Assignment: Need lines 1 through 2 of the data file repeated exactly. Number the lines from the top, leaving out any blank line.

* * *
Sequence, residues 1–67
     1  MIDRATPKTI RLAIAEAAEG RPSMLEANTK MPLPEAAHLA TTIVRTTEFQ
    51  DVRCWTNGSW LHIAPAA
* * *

Sequence, residues 1–67
     1  MIDRATPKTI RLAIAEAAEG RPSMLEANTK MPLPEAAHLA TTIVRTTEFQ